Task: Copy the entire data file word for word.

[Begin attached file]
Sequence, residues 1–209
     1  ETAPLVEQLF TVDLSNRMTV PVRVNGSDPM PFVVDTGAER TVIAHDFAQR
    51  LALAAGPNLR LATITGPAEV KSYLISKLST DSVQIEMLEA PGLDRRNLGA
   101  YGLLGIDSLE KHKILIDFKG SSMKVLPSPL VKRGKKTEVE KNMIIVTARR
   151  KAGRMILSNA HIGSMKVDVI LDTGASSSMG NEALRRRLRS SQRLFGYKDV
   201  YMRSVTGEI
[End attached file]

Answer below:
Sequence, residues 1–209
     1  ETAPLVEQLF TVDLSNRMTV PVRVNGSDPM PFVVDTGAER TVIAHDFAQR
    51  LALAAGPNLR LATITGPAEV KSYLISKLST DSVQIEMLEA PGLDRRNLGA
   101  YGLLGIDSLE KHKILIDFKG SSMKVLPSPL VKRGKKTEVE KNMIIVTARR
   151  KAGRMILSNA HIGSMKVDVI LDTGASSSMG NEALRRRLRS SQRLFGYKDV
   201  YMRSVTGEI